CJ Malaba sets up special election courts

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In a move meant to ensure a fair, peaceful and credible election, Chief Justice Luke Malaba has designated 57 magistrates to expeditiously handle cases of politically-motivated violence and intimidation in the country’s 10 provinces. A special court was gazetted under General Notice 379 of 2018 with a view to assure the nation of a free, fair and credible 2018 election.

This year’s harmonised elections will be held on July 30.

According to the notice issued by the Judiciary boss, who is also chairman of the Judicial Service Commission (JSC), the court sits during the pre-election, election and post-election period.

“It is hereby declared that the Judicial Service Commission, in terms of Section 133 J(3) of the Electoral Act (Chapter 2:13), has designated the magistrates listed in the schedule below to try cases of politically-motivated violence and intimidation in the provinces under which their names appear before, during and after the harmonised elections for President, members of the National Assembly and councillors scheduled to take place on Monday 30th July 2018,” said Chief Justice Malaba in the Gazette.

JSC acting secretary Mr Walter Chikwana said the special court would expeditiously deal with all cases brought before it.
“The special court was established in compliance with the Electoral Amendment Act,” he said.
“Such a court will try and finalise criminal cases brought before it with expedience.

“The setting up of the court, according to the law, follows the proclamation of the election date by the President.”
The recently signed Electoral Amendment Act prohibits politically motivated violence and intimidation.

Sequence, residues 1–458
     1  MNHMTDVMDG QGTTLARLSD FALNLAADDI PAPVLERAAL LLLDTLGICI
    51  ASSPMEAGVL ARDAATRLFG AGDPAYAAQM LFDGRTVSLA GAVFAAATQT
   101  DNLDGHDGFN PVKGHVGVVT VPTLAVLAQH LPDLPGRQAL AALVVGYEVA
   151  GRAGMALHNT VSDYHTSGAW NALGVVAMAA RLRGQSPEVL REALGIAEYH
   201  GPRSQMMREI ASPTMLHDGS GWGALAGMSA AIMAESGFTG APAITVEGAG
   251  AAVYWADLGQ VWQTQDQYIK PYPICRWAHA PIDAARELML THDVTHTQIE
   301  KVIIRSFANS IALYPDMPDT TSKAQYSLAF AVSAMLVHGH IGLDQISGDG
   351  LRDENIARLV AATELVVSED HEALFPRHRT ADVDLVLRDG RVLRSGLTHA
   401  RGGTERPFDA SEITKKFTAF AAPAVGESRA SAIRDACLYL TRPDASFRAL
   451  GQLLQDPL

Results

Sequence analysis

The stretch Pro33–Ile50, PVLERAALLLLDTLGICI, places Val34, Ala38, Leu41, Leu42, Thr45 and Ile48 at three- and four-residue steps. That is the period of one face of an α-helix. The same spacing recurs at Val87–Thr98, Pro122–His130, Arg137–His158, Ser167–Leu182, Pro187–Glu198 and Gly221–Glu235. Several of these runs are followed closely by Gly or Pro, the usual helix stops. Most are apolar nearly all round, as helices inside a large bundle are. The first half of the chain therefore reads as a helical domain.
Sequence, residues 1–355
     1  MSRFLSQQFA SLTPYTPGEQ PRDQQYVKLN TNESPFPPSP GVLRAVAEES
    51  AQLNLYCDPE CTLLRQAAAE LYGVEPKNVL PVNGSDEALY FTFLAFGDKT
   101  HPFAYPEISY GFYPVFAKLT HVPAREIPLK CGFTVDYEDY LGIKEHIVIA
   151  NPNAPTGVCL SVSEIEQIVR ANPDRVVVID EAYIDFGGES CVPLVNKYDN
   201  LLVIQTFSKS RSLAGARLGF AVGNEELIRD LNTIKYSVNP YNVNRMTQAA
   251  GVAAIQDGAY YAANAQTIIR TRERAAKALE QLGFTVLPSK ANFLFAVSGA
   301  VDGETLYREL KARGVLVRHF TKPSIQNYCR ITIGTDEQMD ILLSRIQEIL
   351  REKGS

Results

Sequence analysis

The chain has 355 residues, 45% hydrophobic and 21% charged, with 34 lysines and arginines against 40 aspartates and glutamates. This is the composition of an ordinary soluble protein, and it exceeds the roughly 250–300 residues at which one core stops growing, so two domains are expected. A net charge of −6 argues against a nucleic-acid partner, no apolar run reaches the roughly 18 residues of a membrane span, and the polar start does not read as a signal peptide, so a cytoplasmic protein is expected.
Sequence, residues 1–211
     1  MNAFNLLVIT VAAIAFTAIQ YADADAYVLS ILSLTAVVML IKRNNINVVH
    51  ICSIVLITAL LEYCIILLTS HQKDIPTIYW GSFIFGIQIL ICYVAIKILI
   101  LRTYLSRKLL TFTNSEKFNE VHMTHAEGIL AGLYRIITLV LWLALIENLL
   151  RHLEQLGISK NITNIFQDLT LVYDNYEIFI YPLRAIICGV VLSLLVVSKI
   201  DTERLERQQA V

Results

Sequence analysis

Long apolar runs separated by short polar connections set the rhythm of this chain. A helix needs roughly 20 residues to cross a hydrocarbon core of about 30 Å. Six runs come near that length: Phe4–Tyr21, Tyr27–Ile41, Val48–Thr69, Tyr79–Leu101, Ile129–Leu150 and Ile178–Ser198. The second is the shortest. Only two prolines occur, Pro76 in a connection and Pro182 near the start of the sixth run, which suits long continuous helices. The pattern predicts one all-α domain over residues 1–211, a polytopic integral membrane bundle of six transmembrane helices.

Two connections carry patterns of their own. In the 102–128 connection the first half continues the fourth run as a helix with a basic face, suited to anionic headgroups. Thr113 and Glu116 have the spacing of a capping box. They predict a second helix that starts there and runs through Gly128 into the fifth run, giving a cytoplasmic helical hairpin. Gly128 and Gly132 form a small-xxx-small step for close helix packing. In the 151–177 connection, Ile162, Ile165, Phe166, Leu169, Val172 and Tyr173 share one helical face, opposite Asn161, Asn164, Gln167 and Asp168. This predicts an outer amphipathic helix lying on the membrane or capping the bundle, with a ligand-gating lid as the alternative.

Part of the Act reads:

“No political party or any of its members or supporters and no candidate, any of his or her supporters and no stakeholders may —

a) Use violence or threaten violence or incite or encourage the use of violence, against anyone on account of his or her political opinions or membership or support of a political party or participation in the election;

b) Intimidate, or incite or encourage the intimidation of anyone on account of his or her political opinions or membership or support of a political party or act in a way that may provoke violence or intimidation.”

The Act also prohibits the use of violence or threats to force others to refrain from voting for a candidate of their choice.
It also prohibits forcing people to vote for a candidate they do not like.

Bribing an election official to induce him or her to make a false entry in the voters’ roll or to alter election results will attract a penalty.

Use of hate language which incites violence through songs, speeches and slogans is also prohibited.
Publishing false or defamatory allegations about a party or its candidates is also not allowed under the Act.
Carrying weapons at political meetings, marches, demonstrations or rallies is prohibited.

Source: Herald